In 2017 M&S asked Oxfam to carry out a ‘gap analysis’ study to ‘better understand the true worker experience and identify the changes we need to make in our own operations and those of our suppliers’ similar to another undertaken by Oxfam together with Unilever. For Oxfam, the project provided a rare opportunity to hear people’s experience of working in food and footwear factories which supply M&S and other retailers.
M&S and Oxfam set out to hear workers’ views about in-work poverty, worker voice and gender equality, those issues were ‘where existing sector-wide social processes could be improved.’ M&S selected the sites in scope and Oxfam undertook the research and wrote an independent report. Researchers promised anonymity and received frank responses from 390 workers (49% of them women) and 112 other stakeholders.
What workers told us makes for uncomfortable reading. Workers described problems that don’t normally come to light because they don’t trust the available reporting channels. Many were familiar to us from our research for campaigns such as Behind the Barcodes.
What did workers tell us?
Supplier managers commonly said that workers could raise issues directly with their line manager or Human Resources, but workers didn’t see it that way. A UK worker said ‘We’d be scared to raise it – we can’t speak up – we get told: “you’re only agency; who are you?”.
Whilst an Indian worker said ‘If I have a concern, I have to take it to my supervisor, so I don’t raise the concern at all.’
A senior supplier manager shared his ‘lightbulb moment’ on workers’ vulnerability: ‘We used mystery workers and got fantastic insights about what it’s like to be a worker. No auditor will EVER see what those people see. Things have to be really bad before people are willing to talk… Before that, I hadn’t understood why issues were never raised by workers.’
The report includes stories told by a range of individuals. There’s Amit, a 29-year-old father of one who works 8 hours a day in a shoe factory followed by 3.5 more hours of working from home. A quarter of his gross income of just £133 a month is used to repay a loan for house repairs and medical bills, there is nothing for a rainy day.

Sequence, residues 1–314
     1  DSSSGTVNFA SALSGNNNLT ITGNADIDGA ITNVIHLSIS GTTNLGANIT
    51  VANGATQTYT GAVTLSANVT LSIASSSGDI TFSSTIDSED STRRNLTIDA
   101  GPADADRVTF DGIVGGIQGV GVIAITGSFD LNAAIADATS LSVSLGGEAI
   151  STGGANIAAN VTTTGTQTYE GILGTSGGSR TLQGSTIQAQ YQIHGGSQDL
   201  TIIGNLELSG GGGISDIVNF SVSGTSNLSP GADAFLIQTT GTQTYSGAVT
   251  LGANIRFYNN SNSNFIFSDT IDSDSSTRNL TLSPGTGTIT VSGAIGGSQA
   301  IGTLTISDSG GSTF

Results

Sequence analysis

‘‘Every month we take loans as the salaries are not enough’ said a group of workers in India.
And there’s Dave who described being in constant pain from his shoulder after repeating a food processing task for many years. He had cancelled a scheduled operation because lack of sick pay meant he couldn’t cover his bills whilst recuperating.
The women’s stories are just as concerning, but often involve additional barriers over and above their male colleagues. There’s Debbie who, due to gaps taken to have children, is still on an agency contract with no guaranteed minimum hours or holiday pay despite working at the same site for 10 years.
In India, a female shoemaker earned 6,700 Rupees a month while a man reported earning 11,000 Rupees for the same work. Women also described the social stigma and damage to family relationships they suffered, simply because they leave their homes to work.
The good news
Fortunately, there were some positive testimonies from workers about their treatment while working in an M&S supply chain; a UK worker told us: ‘Over the last year or so most people [in this unit] have been made permanent instead of temporary…people are well satisfied here.’ And we heard positives from suppliers about M&S’s ways of working; a senior supplier manager said: ‘Our long-term partnership with M&S allows us to reinvest in the business. Not many businesses can do that.’
A key takeaway for M&S was that ‘nothing beats hearing directly from workers’. While M&S is trialling a new worker app, we hope the emphasis goes beyond hearing from workers to strengthen the voice of workers through collective representation, including working more closely with trade unions.
Going forward and making the change
As many companies have found, it is quite a challenge achieving dialogue and reporting channels that build trust and dialogue between management and workers, are gender-sensitive, and which effectively remedy systemic issues such as poverty wages, discrimination and harsh treatment. We hope that the recommendations we set out in the report itself and in a separate briefing paper based on interviews with experts, ‘Women’s Perspectives Matter’ will help companies find a route to going ‘beyond audit’ that works for them and their workforce.
The pandemic has increased focus on the need for resilience and wellbeing amongst key workers and a European Commissioner recently commented on the results of a study by saying ‘The COVID-19 crisis has shown that those businesses that have environmental, social and governance measures in place weather the storms better and outperform others’.
We hope that as we emerge from the pandemic through 2021, more and more companies will make the changes needed to enable their workforce to thrive, not just survive.
Read the full report:
Working in Marks and Spencer’s Food and Footwear Supply